Back to Limavady. This is the Kings Fort above Drumsurn overlooking the Roe Valley. Also called Dun Concubaire and associated with the O'Connor’s of Glen Given. It is thought to date to the Iron Age. The Ordnance Survey Memoirs of the 1830′s record that ‘there stands on the interior part a stone on which there is the full print of a hand and forefingers’. This is not there today but it is still an amazing place with a commanding view of the surrounding valley.
Above St Aidan’s and just below Binevenagh is this fascinating hillfort. Craigbolie Castle, also known as Dun Crutheni, is a D shaped fort commanding expansive views over Magilligan. The boundary wall is made of stone though time has covered it in vegetation. Near the centre is a circular raised area thought likely to indicate the site of a former structure. The Cruthin were the dominant power in this area at the start of recorded history (the 5th century), and have been linked by some to the Picts in Scotland (though this link has been dismissed by others). An asteroid was named after them in 1986 - ‘3753 Cruithne’. The form of the fort has been noted to resemble fortifications on the west coast of Scotland so there may have been some link across the water. Today it is a powerful reminder of a time long past.
St Aidan’s Church Magilligan, is located further along the Duncrun Road. Like most medieval churches a comandiing position was selected and it has fine views of Lough Foyle below. The structure dates from the early medieval period and is said to have been founded by St Patrick. The single lancet window is thought to date to the 13th century. A mortuary house in front of the gable has been traditionally understood to be the grave of St.Aidan, the patron of the church. St Aidan was St Columba’s biographer and also Abbot of Iona - the monastery founded by Columba off the west coast of Scotland. The ruin is of the medieval parish church, repaired in 1622 & in use until the C18th when the Earl Bishop gave it to the Roman Catholic congregation on the completion of the new Church of Ireland. A pre-emancipation Catholic Church is constructed nearby.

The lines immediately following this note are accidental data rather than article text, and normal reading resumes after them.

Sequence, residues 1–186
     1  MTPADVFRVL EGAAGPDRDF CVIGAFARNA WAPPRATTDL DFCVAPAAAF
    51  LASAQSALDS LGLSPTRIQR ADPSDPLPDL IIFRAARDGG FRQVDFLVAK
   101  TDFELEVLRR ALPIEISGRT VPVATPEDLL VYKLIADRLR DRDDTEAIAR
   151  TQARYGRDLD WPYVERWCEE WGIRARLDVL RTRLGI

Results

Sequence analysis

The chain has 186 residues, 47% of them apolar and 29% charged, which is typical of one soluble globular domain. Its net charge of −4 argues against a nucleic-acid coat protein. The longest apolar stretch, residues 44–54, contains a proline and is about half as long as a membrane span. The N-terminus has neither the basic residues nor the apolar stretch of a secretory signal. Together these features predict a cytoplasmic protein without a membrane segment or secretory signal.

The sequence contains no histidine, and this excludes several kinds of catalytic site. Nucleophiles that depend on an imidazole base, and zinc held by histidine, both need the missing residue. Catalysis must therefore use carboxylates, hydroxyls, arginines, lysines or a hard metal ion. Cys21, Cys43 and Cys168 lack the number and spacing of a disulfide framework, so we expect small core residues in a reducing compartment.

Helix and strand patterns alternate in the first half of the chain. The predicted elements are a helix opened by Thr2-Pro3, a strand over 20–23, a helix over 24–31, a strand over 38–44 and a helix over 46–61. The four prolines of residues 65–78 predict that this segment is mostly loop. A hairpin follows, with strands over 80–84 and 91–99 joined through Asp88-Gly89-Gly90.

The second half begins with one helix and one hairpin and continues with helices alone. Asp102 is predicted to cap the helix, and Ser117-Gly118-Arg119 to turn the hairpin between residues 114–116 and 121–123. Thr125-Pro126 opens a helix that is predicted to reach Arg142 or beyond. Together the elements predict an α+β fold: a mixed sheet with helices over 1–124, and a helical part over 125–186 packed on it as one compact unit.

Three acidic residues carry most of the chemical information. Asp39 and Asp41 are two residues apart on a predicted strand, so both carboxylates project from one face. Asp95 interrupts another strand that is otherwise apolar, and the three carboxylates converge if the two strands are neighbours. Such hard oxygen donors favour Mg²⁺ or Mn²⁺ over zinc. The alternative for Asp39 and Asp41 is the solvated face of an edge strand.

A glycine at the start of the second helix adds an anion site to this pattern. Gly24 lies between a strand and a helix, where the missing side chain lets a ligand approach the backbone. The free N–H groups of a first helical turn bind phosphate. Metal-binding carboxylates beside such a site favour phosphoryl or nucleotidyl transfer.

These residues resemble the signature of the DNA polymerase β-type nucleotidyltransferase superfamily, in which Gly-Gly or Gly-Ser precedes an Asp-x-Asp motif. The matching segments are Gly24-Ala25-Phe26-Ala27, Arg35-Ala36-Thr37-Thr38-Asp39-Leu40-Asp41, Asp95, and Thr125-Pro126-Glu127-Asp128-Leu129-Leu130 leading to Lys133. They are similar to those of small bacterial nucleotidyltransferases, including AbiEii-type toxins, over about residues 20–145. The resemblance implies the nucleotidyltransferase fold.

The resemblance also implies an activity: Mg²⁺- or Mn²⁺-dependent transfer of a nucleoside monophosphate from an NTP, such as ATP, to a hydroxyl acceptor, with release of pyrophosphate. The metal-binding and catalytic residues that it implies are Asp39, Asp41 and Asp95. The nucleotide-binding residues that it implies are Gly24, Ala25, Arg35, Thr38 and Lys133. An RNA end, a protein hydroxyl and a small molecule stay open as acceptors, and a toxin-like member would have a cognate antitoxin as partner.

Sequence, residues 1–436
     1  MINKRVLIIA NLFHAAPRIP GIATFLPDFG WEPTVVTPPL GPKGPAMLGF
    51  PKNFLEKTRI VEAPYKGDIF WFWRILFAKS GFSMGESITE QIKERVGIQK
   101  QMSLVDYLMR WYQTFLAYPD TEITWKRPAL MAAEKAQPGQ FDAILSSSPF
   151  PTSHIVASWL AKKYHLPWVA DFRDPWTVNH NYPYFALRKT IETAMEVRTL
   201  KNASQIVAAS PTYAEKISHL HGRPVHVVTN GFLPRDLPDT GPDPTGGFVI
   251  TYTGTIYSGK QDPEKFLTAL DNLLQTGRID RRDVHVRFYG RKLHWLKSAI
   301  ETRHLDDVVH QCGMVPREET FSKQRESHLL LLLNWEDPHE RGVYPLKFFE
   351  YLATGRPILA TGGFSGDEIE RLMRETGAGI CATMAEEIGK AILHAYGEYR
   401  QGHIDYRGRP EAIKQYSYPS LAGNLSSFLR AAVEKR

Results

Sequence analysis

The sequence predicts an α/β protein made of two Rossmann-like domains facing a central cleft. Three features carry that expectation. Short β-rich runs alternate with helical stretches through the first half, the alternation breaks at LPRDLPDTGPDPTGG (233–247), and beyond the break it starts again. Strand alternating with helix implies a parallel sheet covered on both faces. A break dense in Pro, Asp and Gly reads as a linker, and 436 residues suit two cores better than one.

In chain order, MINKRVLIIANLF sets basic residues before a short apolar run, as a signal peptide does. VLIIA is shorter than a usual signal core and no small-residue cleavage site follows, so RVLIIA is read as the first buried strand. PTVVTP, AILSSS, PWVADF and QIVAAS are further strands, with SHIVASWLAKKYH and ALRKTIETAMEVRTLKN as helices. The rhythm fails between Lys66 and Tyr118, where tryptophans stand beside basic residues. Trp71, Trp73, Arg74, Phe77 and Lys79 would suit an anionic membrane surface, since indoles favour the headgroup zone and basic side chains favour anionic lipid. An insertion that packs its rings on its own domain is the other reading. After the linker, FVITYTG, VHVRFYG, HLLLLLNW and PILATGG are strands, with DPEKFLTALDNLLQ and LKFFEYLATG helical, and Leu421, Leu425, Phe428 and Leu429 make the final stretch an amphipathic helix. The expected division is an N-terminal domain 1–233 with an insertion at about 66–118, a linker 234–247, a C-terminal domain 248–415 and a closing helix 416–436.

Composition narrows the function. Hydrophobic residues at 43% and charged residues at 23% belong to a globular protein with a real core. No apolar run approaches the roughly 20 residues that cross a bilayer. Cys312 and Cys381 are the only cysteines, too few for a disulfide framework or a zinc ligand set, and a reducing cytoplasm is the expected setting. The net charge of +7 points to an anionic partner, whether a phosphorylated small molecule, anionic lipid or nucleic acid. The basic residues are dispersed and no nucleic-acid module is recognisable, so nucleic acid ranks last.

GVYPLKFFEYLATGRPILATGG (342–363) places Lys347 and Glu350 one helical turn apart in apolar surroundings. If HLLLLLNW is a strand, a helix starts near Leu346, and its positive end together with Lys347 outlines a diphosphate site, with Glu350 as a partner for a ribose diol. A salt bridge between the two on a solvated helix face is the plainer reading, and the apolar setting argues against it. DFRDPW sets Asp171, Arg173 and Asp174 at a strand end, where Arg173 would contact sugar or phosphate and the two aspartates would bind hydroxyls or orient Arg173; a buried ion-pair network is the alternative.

On the upper sider of Clooney Road, best reached via the Tully Road from Ballykelly is Tamlaght Finlagan Old Church. This sits on a small rise beside the Bessbrook River and is the location of the ancient church of the Ballykelly area. Here was a monastery reputedly founded by St Findluganus following the convention of Drumcatt in 574 AD. It is recorded as having had a round tower, ruinous in the mid nineteenth century. A rectangular projection to the church at the north east end has curved masonry inside and may be the base of this structure. The monastry had become a parish church by 1291 and was abandonded in 1622. This was because the Fishmongers Company moved the parish church to their settlement of Ballykelly (see 535) following the Ulster Plantation. The drawing shows the extensive and atmosperic graveyard, with many graves marked by simple stones and the west gable of the building. A timeless place well worth the visit.
Faughanvale Old Chuch is sited above the road near the village of Greysteel. Hidden from view near a bend in a steep road it is in a very picuresque location with fine views over Lough Foyle. Reputedly the site of a 7th century monastery associated with St Canice..
Marks of Time
Sketches of buildings in the North West of Ireland and further afield with a little information about their history.